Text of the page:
Prevail again and Ariarne Titmus can lay claim to Katie Ledecky’s crown

Ariarne Titmus won her first international swimming medal when she was 16, at the 2017 swimming world championships in Hungary. Her coach, newly famous Dean Boxall, remembers it well. “When she went up, she’d never got a medal [before],” he recalled. “In Budapest, you’re on the top of the grandstand looking down, it was huge for her. There were so many Hungarians screaming and carrying on. She didn’t understand that people blow-dried your hair and put make up on [before the medal ceremony]. She came down and she was emotional.”

But Boxall remembers what happened next, too – and those memories are less positive. “The next day she was terrible – she swam 17 seconds off her best,” he said. Having claimed bronze in Budapest as the anchor swimmer in the women’s 4x200m medley relay, Titmus struggled to back up in the 800m freestyle heats the following day. She finished third in her heat, placing 14th overall. The final was ultimately won by Katie Ledecky.

Having conquered Ledecky in the 400m freestyle on Monday to earn her maiden Olympic medal, Titmus faces her American foe again on Wednesday in the women’s 200m freestyle final. Round two of the Ledecky v Titmus duel in the pool will be a great test of the 20-year-old Australian and her evolution since 2017. If Titmus prevails again she will have a strong claim to taking Ledecky’s crown.

“We’ve had to develop that [ability to get] through the meet,” continued Boxall. “Right now you’ve just got an Ariarne that has evolved. She is pretty grounded – you can see, she came up to me [after the win on Monday], I think I was more emotional than her. She was basically saying, ‘you need to settle down’.

The Wednesday morning final will be another flyer. Titmus qualified fastest on Tuesday, to earn lane four, while Ledecky will be next to her in lane three after swimming the third quickest time (the pair were split across the two semi-finals). But Titmus insisted that the 200m was about more than just her rivalry with Ledecky.

“It’s always great racing Katie – it’s exciting for everyone, including myself,” she said. “But I think the 200m especially, it’s not just Katie and I. It’s a very very strong field … I think it’s anyone’s race tomorrow.”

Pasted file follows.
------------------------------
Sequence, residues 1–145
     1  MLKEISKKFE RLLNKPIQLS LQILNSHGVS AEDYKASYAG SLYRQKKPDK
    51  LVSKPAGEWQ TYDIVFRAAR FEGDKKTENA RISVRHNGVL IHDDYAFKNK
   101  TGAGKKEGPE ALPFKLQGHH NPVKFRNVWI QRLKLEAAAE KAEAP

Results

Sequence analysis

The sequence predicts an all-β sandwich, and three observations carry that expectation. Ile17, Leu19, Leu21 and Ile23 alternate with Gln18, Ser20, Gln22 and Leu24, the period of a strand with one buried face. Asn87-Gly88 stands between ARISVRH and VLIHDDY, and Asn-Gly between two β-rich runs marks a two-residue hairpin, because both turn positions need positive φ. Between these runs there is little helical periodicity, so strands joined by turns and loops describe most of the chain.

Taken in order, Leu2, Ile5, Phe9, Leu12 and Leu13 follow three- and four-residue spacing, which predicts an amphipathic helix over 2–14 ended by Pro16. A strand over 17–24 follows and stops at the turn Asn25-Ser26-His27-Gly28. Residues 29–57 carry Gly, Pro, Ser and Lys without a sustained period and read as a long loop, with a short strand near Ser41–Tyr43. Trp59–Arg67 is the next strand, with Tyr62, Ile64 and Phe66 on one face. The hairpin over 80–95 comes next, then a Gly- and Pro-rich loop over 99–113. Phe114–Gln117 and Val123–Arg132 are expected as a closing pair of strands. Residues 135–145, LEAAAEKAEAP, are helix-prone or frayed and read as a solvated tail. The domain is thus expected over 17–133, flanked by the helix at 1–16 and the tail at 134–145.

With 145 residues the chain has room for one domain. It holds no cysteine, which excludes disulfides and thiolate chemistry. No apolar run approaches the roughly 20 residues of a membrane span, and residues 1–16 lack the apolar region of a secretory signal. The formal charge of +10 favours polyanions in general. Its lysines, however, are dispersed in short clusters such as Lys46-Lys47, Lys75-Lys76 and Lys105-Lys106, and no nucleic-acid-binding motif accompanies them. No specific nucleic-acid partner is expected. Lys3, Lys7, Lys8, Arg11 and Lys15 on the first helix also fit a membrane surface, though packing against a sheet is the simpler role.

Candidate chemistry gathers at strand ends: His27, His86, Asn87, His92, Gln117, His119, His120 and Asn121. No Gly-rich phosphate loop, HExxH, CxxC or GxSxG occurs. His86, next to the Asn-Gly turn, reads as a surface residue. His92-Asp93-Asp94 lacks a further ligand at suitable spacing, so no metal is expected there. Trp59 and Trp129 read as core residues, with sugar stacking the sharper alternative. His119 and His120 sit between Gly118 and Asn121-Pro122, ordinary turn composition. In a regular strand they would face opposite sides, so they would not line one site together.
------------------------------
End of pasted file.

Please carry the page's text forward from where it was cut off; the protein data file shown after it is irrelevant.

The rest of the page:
Titmus heads into Wednesday’s race as favourite – she set the second-fastest 200m freestyle time in history at the Australian Olympic trials last month, barely one-tenth of a second off a world record that has stood since 2009. Ledecky, in contrast, only sits fifth in the all-time 200m rankings – with a time she swam five years ago, in Rio. But having lost to Titmus in the 400m freestyle, the American will need to pull out something special to rebound 48 hours later.

Boxall, for his part, is optimistic that the young swimmer he has nurtured over the four years since Budapest will not repeat her mistakes. “Arnie is just getting better and better,” he said. “She was confident after 2019 [when Titmus first beat Ledecky] – she was ready to tackle it – but I think she’s just maturing as a girl. Her life around her, she’s put things in order, she’s not this little girl that came to me when she was 15. That’s why she’s just blossomed.” In the 200m freestyle, we will find out just how far she has come.

On Monday, after Ledecky had been defeated, an American journalist asked her a hard question. “When was the last time that you felt like you swam a great race and just got beaten by a racer with something better?” the reporter queried (when Ledecky lost to Titmus at the 2019 world championships, she was unwell and subsequently hospitalised).

Ledecky, seated at an elevated press conference table surveying a room of writers hanging on her every word, was suddenly speechless. “Umm,” she uttered. Ledecky paused, reflecting on a glittering career of many victories and few losses. “Umm,” she said again. Finally, she had an answer: never in an individual race in recent memory. “I guess some relays where I’ve had really good splits and we haven’t come out on top,” Ledecky offered. “But yeah, it’s a rarity for me.”

It is a rarity for Ledecky to swim well and be beaten once in a competitive meet. But it is unheard of for the American queen of the pool to swim well twice, and be beaten twice. Round two of Ledecky v Titmus will be a nail-biting race. If Titmus triumphs once more, her American rival may again be lost for words.

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